PHOENIX — Channing Frye was relaxing in the Suns locker room before the Monday night game against the Denver Nuggets. With the Pac-12 tournament on his mind, he was dishing on the Arizona...

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PHOENIX – The Suns own the worst three-point defense in the league. The Denver Nuggets didn’t do much with it. It didn’t matter. Corey Brewer scored 20 points, and outside of a Ty Lawson...

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In the second quarter, the crowd broke into a roaring cheer after a timeout. That was because, for the first time since February 12th, the Phoenix Suns played Shannon Brown in a game. He was on a run of 28 days and 10 games of non-action.

The result was insignificant as the Suns fell to 22-42 on the year with the 108-93 loss to the Denver Nuggets.

This game was reminiscent of nearly every game since the All-Star break, as they hung tough nearly all game and it came down to which team was going to make plays down the stretch. He came in and hit his first jump shot, but did nothing else to impact the game in any way. But hey, the fans won.

Early on, the ball funneled through Kosta Koufos as he rattled off 11 straight points and 15 in the first quarter. He and Hamed Haddadi teetered with a career-highs in points all night. Late in the fourth, Koufos found his 22nd point at the free-throw line and Haddadi topped his previous career best in points with 13 points on an offensive rebound early in the fourth.

When a team is entrenched in a season like this, those are the types of factors that are available to keep the fans engaged.

Each quarter, the Nuggets added a few points to the lead until it was insurmountable. Marcus Morris and Wesley Johnson led the way with 16 and 18 points respectively, pacing the Suns throughout the game. Marcus had 10 of those early in the first quarter as he was the team's only scorer out of the game.

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"I don't think anything you do can actually prepare you to see the emotions of a child, your child, going into surgery."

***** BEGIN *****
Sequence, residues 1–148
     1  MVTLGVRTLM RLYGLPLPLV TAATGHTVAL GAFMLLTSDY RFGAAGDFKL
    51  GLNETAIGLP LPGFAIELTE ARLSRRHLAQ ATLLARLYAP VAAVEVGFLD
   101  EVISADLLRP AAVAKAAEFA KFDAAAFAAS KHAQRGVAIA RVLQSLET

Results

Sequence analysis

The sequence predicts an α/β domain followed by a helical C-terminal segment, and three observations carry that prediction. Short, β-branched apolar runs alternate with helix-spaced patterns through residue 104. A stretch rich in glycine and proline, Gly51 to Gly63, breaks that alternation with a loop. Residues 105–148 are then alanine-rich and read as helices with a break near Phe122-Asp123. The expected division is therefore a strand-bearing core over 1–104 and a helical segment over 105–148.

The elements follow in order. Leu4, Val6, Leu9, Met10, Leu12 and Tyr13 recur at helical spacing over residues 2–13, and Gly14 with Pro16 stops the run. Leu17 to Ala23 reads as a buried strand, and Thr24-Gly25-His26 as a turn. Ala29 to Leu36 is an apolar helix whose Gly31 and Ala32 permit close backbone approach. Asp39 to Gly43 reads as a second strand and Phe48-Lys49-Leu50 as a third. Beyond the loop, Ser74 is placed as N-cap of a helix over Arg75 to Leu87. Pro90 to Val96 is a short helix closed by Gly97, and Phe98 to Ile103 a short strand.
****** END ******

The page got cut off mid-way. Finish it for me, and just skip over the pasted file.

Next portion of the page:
That was the world of Phoenix Suns center and 17-year veteran Jermaine O'Neal for the past week, as he was bedside with his daughter as she went through heart surgery to repair a "leaky valve." The emotions and stakes are a lot higher there, at her bedside, than they have ever been for O'Neal sitting court-side.

O'Neal took time away from the team to be with his 13-year old daughter Asjia as she spent four days in the hospital and two days in the Intensive Care Unit (ICU), before being released and sent home.

She is walking now and rehabbing to get back on the court as doctors were very impressed with the rapid improvement she has gone through over the past two days before her release. Being away from the game she loved took more of a toll on her than the surgery itself, at least mentally, as she wanted to be on the court as her team went out and won a major tournament in her name.

SHE PROGRESSED IN A MANNER WHERE DOCTORS TOLD US TWO DAYS AGO RIGHT BEFORE I LEFT THAT HE HASN'T SEEN ANYONE, A CHILD LET ALONE AN ADULT, HEAL AS FAST AS SHE DID - Jermaine O'Neal

Thankfully, volleyball will be in her future. She will be able to step out on the court again and play the sport she loves thanks to the successful surgery, as well as some physical rehabilitation.

Now that is what the elder O'Neal is trying to do now.

He came back into Phoenix yesterday and had what he described as, "probably one of the top 5 worst workouts in NBA history, it was pretty bad." Getting back into physical shape after not lifting, running, or having any basketball activity will be the easy part. Being with his teammates is therapeutic, as he talked about getting back on the court with his teammates.

"Trying to emotionally get your mind right and physically get your body right, you expect that," said O'Neal about getting back into a basketball rhythm. "Coming off of a six hour flight from Boston back to Phoenix, to basically put your bags down and come here, you expect to be winded."

Having that veteran leadership and toughness, to go from a hospital bed back to basketball, that is the type of person that can help mold the younger big men.

Living that life and the grind of being in the hospital for 23 hours a day, only to run to the house for a shower and then run back, is something unfortunate to deal with. You do not watch basketball or follow the news wire. O'Neal was told two days ago of Marcin Gortat's injury and the play of Hamed Haddadi.

"I didn't even know he went down until two days ago. When you are living that life, when you are in the hospital, you are not watching sports."

Those things are trivial under the circumstances. The support and outcry that O'Neal and his family received was emotionally overwhelming.

"I wasn't thinking of basketball to be honest. I had great support. I really have to compliment the Boston Celtics for their support, they showed a lot of support in so many different ways. Phone calls, care packages, Kevin Garnett and those guys sending flowers. The Phoenix Suns, Lon Babby, Lance Blanks, Robert Sarver and those guys showed a lot of support."

The NBA truly is an exclusive community that takes care of their own with the best FMLA package possible when these situations occur. O'Neal reaped those benefits while tending to what matters most in life, his family, while his other family tended to him from afar.

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